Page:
As we get set to first foot and say farewell to 2018, regular contributor Dorothy Ramser looks back at how people in South Shields celebrated – or in some cases commiserated – new years of the past.
“In 1884 there was much festivity on the streets of South Shields on New Year’s Eve,” says Dorothy.
“There were Night-Watch meeting (religious vigils) at St Hilda’s and other churches in the town.
“The firing of the Time-Gun usually announced the closing of the old and the start of the new year in Shields, however that year, a false alarm happened three minutes before-hand.
“After a rapid investigation it was discovered that a gun had been fired on the Lawe Top by some pranksters who were the worse for wear.
“So all the kissing and hugs at the stroke of midnight were conducted twice that year.
“Then the bells of St Hilda’s rang out and cheer after cheer resonated around the Market Place before the crowds dispersed to commence first footing throughout the town.
Throughout the night, fireworks lit the sky all over South Shields, whilst in the Market there was a “fabulous display of Lime Lights”.
“The following day there were morning performances of pantomimes which were largely attended by excited children.
“Aladdin was on at the Theatre Royal in King Street and Jack and the Beanstalk at the Mill Dam Theatre.
“In the evening, both the theatres and Mr Harmston’s circus were packed to capacity.”
Three years later, the Gazette reported that a number of first footers were to be seen occasionally steering an erratic course along the pavement or in the middle of the road, “the need for sleep and other causes having their usual effect”.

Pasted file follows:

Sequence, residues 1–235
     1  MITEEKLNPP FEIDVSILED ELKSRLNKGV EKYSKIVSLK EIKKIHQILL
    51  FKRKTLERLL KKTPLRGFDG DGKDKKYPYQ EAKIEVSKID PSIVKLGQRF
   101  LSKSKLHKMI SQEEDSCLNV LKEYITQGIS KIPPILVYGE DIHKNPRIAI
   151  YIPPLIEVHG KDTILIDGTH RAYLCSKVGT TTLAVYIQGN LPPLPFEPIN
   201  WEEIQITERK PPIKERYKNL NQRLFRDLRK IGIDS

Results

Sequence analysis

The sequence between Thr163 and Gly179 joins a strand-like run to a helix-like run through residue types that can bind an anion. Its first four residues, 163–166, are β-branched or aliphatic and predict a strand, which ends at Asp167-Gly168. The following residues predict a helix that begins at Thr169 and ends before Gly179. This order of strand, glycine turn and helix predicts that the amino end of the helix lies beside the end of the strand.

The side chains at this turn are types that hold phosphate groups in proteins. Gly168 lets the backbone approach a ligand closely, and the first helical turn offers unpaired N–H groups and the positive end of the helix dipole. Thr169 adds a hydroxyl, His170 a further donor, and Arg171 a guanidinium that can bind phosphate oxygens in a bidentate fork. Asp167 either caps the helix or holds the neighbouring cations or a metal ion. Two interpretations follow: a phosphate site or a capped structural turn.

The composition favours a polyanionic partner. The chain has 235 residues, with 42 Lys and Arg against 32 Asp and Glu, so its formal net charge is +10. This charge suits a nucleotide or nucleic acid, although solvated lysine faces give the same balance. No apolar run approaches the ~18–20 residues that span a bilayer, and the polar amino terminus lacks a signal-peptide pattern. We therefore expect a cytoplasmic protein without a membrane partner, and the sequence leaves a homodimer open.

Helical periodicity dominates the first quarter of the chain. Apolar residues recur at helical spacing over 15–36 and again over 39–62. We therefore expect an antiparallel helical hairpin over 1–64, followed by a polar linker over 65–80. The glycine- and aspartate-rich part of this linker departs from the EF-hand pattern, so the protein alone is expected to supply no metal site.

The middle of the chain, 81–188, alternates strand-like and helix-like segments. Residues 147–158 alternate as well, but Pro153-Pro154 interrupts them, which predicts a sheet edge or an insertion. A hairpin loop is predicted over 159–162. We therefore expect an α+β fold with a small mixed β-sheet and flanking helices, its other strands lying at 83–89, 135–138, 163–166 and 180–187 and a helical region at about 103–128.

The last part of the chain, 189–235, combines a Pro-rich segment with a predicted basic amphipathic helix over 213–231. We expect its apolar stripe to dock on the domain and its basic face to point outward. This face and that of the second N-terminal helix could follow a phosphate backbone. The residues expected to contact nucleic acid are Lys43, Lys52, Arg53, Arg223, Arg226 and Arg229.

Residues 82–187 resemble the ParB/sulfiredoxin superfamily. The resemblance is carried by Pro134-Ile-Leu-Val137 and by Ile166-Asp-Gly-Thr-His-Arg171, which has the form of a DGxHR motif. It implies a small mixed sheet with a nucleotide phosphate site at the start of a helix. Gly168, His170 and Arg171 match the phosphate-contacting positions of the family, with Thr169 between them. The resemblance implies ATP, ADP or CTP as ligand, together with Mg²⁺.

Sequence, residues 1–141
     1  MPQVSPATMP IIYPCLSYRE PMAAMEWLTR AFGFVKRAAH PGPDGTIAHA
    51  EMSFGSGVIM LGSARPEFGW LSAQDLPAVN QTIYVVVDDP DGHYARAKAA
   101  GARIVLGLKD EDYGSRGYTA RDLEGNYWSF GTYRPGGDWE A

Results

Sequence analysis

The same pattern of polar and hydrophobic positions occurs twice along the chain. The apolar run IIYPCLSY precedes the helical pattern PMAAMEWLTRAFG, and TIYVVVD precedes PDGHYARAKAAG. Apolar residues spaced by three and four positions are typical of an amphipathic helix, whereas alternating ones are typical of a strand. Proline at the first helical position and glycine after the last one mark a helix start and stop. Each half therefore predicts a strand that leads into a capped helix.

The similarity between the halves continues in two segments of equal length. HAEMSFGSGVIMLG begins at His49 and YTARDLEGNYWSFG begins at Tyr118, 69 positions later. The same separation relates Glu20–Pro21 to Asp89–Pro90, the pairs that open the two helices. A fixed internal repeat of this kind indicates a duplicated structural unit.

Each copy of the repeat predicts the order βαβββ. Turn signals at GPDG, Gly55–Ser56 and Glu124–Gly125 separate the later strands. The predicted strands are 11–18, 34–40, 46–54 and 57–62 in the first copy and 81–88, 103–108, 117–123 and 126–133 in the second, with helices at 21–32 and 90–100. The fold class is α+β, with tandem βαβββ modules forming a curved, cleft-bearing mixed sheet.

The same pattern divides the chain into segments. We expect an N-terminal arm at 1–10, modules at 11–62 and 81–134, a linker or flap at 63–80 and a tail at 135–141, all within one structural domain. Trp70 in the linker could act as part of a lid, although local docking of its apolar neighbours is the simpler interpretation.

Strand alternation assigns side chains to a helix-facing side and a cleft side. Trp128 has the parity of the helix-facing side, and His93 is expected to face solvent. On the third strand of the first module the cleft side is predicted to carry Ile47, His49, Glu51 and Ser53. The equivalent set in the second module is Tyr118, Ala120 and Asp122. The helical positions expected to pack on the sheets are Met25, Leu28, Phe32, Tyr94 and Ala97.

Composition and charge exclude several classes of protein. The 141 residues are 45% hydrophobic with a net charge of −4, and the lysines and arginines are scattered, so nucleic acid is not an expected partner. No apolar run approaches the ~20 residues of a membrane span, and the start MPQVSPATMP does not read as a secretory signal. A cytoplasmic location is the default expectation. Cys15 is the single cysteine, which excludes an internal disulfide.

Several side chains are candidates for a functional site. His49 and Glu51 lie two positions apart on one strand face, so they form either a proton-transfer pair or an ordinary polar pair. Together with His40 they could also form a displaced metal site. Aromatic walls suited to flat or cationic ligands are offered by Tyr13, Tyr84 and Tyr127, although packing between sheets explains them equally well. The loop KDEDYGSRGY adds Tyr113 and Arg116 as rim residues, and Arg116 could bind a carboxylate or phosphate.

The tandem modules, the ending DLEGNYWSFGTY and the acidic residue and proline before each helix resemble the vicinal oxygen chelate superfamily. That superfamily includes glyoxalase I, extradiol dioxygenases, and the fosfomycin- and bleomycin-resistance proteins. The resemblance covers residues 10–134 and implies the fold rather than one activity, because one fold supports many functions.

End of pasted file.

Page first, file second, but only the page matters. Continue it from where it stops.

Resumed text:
“Those that could make their way to King Street, could attend a performance of Babes in the Wood at the Theatre Royal or push their way into a packed Thornton’s Theatre of Varieties.
“Concertinas and other musical instruments could be heard above the din of the seething crowds singing and carousing.
“On New Year’s Day 1893, five men were in custody charged with breaking into The Grapes Hotel, in Ocean Road, where several bottles of spirits were stolen.
The culprits were found in a house on Smithy Street gulping down the stolen liquor.
“Years before in 1865, another alcohol-related crime took place, when Frances Statters, a respectable, elderly married woman, living in West Boldon, was charged with stealing (on New Year’s Day), between 50 and 60lbs of meat from Mr Rennison the butcher.
Mr Wawn, who represented the prisoner, described her as respectable and of good character, but through drink had been led to take meat from Mr Rennison’s shop.
“He went on to tell the court that a medical man had recommended that she should drink spirits for rheumatism. Unfortunately this was what led to her misdemeanour, having been largely inspired by a ‘fog of intoxication’.
“The bench stated that although the quantity of meat was large, they would be lenient on Mrs Statters and sent her to prison for 14 days with hard labour. No doubt that sobered her up!
“Meanwhile, William Irvine, a labourer of no fixed abode, was charged in 1904 by South Shields magistrates of having been found on the premises of Mary Ann Homer, 38 Hardwick Street at about 2am on New Year’s Day. Mrs Homer had heard a noise in her front parlour and found Irvine lying curled up asleep under her best couch.
“The prisoner could give no explanation as to why he was found there and, nonplussed, the court fined him 15 shillings with costs.
“Then a young lad of 15, called John Venus, was found on New Year’s Eve at the back of Winchester Street so drunk he couldn’t move. The policeman who found him whilst on the beat had to get a wheelbarrow to take him to the police station.
“He was dismissed with a caution about the evils of the demon drink.
“Finally, in 1857, a party-pooper broke up a gathering in South Shields and the victim wrote a letter to the Gazette, stating: “Sir, Upon New Year’s Eve a party of seamen, with their wives, daughters and a friend or two met in my house, a private one – for the purpose of a dance and seeing in the New Year. “While we were happy and enjoying ourselves a policeman suddenly burst in and told us to disperse, which we obeyed.
“Sir, I ask if all private families in the town who were sitting up on New Year’s Eve innocently enjoying themselves were rudely visited like this? Were the rich houses of the town treated like my poor one? I have been told this act was illegal.
“There was nothing in the conduct of our party that has entitled us to this injury and insult.” He signed the letter, Robert Todd Lower Shadwell Street, South Shields.”